ESF More Voices


Introduction

We consider the organisation of a European Social Forum involving more than 20,000 people in Britain, one of the countries where neo-liberalism was born, is a considerable achievement for which we would like to congratulate and thank everyone who contributed.

The London ESF, like Florence and Paris, will stimulate discussion of a wide range of issues of policy and organisation, including many lessons and criticisms, and there is plenty of time for that discussion in the months to come.

We think it is important for the future of the movement, that a sense of proportion is retained when discussing differences, recognising that we have collectively organised the third of the most inclusive, diverse and internationalist conferences for social justice in Europe.

One issue, however, requires an immediate response – that is the introduction of physical violence by a very small minority to undemocratically suppress people’s views within the ESF. An equivocal or apologetic position on the use of physical violence to suppress views within the ESF would risk legitimising behaviour which, in reality, attacks the democratic rights of every participant in the process.

 

Inclusion and Exclusion

The European Social Forum in London was entirely inclusive with more than 20,000 people attending 500 plenaries, seminars, workshops and cultural events with more than 2,500 speakers representing every shade of opinion within the social justice movement. The topics and speakers for the plenary sessions were agreed by consensus at the European Preparatory Meetings. The seminars were merged through a European-wide process of agreement between those proposing sessions. The workshops were open for anyone to propose and organise. Provision was made for autonomous spaces and these were advertised in the programme. The entire process at every level was open to anyone who wished to participate. Minutes of the agreed consensus decisions were taken and were published on the European-wide mailing lists as well as on the website of the ESF.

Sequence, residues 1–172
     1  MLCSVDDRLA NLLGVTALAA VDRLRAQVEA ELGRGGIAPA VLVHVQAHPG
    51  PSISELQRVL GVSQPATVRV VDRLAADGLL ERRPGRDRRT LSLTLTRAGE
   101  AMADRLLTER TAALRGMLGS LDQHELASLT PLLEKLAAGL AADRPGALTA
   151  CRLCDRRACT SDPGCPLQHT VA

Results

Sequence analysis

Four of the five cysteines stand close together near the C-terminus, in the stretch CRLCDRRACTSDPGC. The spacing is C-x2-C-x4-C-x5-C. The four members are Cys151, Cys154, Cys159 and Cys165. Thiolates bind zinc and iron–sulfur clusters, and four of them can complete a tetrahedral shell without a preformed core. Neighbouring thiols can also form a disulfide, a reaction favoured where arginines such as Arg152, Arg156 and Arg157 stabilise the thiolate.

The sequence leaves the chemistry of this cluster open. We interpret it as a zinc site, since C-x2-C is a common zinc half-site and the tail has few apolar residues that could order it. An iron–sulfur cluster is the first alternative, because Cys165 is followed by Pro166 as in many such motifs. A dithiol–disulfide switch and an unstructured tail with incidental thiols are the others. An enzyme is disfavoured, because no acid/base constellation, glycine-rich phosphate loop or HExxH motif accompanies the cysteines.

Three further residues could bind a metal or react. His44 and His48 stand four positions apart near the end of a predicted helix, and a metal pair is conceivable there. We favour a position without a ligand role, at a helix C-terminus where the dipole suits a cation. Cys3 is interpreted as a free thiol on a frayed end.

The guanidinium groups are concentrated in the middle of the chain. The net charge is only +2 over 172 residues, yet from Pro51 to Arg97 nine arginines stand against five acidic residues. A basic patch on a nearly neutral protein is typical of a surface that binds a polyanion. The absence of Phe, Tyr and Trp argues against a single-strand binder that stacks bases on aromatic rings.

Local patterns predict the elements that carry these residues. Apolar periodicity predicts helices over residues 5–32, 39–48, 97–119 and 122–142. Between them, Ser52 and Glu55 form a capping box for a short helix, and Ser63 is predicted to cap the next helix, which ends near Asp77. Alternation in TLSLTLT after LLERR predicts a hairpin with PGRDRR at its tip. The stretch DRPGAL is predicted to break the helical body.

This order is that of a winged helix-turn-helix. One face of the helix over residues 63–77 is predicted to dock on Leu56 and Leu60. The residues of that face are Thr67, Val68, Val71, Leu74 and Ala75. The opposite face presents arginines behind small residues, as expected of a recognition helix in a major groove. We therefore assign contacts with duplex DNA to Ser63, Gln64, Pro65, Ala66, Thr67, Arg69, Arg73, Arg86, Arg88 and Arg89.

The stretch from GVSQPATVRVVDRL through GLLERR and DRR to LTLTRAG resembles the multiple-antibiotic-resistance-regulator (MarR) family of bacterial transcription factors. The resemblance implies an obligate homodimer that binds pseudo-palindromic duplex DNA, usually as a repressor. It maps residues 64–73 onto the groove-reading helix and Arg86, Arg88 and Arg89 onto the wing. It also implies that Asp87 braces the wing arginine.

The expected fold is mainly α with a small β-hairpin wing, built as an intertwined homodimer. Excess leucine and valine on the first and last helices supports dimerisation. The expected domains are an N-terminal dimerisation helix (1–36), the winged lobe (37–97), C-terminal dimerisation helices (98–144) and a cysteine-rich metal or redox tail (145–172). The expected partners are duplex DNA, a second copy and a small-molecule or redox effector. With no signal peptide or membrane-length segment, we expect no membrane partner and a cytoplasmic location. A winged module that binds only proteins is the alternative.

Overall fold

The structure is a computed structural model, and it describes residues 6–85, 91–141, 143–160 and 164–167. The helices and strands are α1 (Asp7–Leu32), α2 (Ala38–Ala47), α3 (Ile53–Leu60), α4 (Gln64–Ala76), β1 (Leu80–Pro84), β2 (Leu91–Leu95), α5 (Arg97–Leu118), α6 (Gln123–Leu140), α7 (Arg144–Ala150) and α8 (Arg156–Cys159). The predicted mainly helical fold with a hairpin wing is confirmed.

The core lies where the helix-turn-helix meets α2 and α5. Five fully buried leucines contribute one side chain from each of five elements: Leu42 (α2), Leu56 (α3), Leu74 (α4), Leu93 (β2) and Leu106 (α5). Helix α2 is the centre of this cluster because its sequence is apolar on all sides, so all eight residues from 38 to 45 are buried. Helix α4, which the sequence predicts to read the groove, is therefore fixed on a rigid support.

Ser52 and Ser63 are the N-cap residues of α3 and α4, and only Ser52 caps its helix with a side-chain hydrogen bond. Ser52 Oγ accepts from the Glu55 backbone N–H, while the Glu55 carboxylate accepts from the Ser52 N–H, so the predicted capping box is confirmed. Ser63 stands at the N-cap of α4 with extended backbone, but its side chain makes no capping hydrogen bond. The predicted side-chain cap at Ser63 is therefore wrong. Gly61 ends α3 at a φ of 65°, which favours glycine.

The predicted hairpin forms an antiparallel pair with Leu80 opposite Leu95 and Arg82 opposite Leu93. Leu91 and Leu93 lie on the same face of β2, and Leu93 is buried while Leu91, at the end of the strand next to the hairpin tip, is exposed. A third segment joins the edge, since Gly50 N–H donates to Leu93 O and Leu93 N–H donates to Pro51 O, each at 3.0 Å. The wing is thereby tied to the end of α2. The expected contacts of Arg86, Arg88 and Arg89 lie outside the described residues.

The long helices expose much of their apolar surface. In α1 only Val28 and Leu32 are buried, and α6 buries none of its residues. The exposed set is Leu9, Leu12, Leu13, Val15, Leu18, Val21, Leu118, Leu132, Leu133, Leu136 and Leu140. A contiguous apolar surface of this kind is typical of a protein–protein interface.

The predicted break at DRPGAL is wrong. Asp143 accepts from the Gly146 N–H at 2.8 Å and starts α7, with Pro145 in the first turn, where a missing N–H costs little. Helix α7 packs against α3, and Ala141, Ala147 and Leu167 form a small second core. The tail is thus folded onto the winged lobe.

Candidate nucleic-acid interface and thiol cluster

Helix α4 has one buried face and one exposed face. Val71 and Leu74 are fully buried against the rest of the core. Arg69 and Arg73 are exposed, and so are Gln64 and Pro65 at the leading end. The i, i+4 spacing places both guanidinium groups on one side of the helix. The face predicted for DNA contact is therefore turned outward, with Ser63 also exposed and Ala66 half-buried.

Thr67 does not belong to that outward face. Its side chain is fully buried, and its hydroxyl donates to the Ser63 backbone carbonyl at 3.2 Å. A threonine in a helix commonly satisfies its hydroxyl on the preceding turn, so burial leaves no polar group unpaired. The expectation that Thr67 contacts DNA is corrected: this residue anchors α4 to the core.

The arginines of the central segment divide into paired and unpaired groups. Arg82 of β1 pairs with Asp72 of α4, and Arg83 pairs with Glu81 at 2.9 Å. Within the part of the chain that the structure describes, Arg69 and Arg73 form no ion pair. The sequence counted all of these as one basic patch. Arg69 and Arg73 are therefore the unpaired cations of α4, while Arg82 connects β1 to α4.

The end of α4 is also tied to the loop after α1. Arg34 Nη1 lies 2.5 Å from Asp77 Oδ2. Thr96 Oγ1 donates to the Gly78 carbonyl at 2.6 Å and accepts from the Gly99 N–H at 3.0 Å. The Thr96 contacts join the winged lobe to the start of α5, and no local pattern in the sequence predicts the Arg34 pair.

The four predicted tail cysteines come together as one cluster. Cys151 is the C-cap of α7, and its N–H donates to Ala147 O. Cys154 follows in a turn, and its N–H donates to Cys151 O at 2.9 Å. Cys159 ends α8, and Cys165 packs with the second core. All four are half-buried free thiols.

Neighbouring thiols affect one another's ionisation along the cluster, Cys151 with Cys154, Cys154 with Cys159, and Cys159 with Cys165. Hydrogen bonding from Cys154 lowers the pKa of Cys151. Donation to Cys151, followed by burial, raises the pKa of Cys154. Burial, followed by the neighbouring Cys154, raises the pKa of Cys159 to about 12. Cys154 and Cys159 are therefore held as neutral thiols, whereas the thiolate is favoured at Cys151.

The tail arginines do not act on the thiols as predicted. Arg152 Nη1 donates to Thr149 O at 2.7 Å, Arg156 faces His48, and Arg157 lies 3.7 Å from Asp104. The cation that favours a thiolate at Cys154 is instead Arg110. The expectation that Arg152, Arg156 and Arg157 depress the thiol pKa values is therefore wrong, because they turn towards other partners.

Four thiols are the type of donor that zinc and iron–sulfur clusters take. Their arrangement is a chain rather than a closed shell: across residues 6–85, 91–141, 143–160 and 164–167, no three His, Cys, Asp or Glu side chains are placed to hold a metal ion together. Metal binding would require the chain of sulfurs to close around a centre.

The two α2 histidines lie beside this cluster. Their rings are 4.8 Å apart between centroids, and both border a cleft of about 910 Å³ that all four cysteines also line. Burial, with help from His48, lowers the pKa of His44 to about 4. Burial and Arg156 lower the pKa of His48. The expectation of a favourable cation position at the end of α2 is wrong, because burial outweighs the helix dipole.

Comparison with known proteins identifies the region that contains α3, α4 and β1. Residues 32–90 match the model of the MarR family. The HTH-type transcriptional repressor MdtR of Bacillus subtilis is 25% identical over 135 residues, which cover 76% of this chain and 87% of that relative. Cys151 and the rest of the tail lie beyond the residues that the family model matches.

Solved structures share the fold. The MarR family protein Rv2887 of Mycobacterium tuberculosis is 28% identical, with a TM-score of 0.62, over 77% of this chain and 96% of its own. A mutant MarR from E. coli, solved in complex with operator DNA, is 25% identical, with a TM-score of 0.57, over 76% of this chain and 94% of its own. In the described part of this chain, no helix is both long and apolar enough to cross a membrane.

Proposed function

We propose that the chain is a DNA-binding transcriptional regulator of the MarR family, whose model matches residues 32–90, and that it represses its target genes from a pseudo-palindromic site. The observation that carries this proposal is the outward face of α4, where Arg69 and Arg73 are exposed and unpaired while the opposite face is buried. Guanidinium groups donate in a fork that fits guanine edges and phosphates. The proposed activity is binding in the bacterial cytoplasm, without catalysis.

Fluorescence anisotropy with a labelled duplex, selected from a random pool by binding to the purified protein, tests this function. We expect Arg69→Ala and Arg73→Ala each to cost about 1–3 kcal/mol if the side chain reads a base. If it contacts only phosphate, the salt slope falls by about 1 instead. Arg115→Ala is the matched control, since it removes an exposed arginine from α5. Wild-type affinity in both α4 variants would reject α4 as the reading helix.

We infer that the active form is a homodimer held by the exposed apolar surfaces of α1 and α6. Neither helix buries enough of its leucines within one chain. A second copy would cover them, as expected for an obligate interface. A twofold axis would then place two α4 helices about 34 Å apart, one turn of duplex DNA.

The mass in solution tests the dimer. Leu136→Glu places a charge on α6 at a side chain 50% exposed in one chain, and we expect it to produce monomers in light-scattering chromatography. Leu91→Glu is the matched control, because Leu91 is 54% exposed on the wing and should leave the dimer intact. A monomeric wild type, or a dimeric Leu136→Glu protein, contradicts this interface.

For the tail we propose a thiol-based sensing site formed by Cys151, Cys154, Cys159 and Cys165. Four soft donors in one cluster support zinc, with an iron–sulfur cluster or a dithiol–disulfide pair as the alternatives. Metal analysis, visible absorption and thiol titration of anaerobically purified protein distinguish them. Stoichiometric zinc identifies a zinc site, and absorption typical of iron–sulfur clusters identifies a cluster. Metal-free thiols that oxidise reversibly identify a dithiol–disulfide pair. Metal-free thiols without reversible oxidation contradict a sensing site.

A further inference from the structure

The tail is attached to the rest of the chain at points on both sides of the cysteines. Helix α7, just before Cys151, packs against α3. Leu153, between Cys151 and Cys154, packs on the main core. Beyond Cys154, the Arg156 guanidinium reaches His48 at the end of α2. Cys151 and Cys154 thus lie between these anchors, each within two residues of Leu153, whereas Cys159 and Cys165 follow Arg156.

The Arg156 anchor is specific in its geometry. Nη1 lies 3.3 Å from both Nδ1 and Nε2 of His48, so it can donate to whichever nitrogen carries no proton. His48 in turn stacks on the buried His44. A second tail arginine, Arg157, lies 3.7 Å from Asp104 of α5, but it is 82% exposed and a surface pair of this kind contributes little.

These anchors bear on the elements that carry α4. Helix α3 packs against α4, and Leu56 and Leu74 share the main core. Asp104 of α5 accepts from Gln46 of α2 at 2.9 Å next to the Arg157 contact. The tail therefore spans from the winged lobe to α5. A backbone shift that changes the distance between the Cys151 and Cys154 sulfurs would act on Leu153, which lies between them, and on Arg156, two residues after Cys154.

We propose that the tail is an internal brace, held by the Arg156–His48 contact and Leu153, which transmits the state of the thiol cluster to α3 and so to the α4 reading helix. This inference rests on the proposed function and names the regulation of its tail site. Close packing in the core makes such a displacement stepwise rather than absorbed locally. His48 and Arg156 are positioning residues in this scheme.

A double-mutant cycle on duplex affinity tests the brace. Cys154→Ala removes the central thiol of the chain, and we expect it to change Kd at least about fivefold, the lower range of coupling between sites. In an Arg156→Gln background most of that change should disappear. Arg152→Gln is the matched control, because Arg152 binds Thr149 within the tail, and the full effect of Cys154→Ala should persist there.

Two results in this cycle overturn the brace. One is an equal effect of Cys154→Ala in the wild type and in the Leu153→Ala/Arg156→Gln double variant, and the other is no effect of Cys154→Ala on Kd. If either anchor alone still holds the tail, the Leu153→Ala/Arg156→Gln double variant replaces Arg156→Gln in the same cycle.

The only attempts to exclude anyone were by two small minorities. One, a group of anarchists, who are opposed to the ESF and WSF and urged people to boycott it, made a series of threats of physical attack on Ken Livingstone and others, called for, and carried out the storming of the anti-fascist session of the ESF and tried to storm the platform of the rally following the ESF demonstration.

In an unrelated incident, a different set of people, numbering 40-50, made up of various groups and individuals, prevented the plenary opposing the occupation of Iraq from taking place because they objected to one of the speakers.

These two groups do not represent even one per cent of the 20,000 people who took part in the European Social Forum in London and fully respected its democratic principles. They were not even half a per cent of the 70,000 or more people who took part in the demonstration.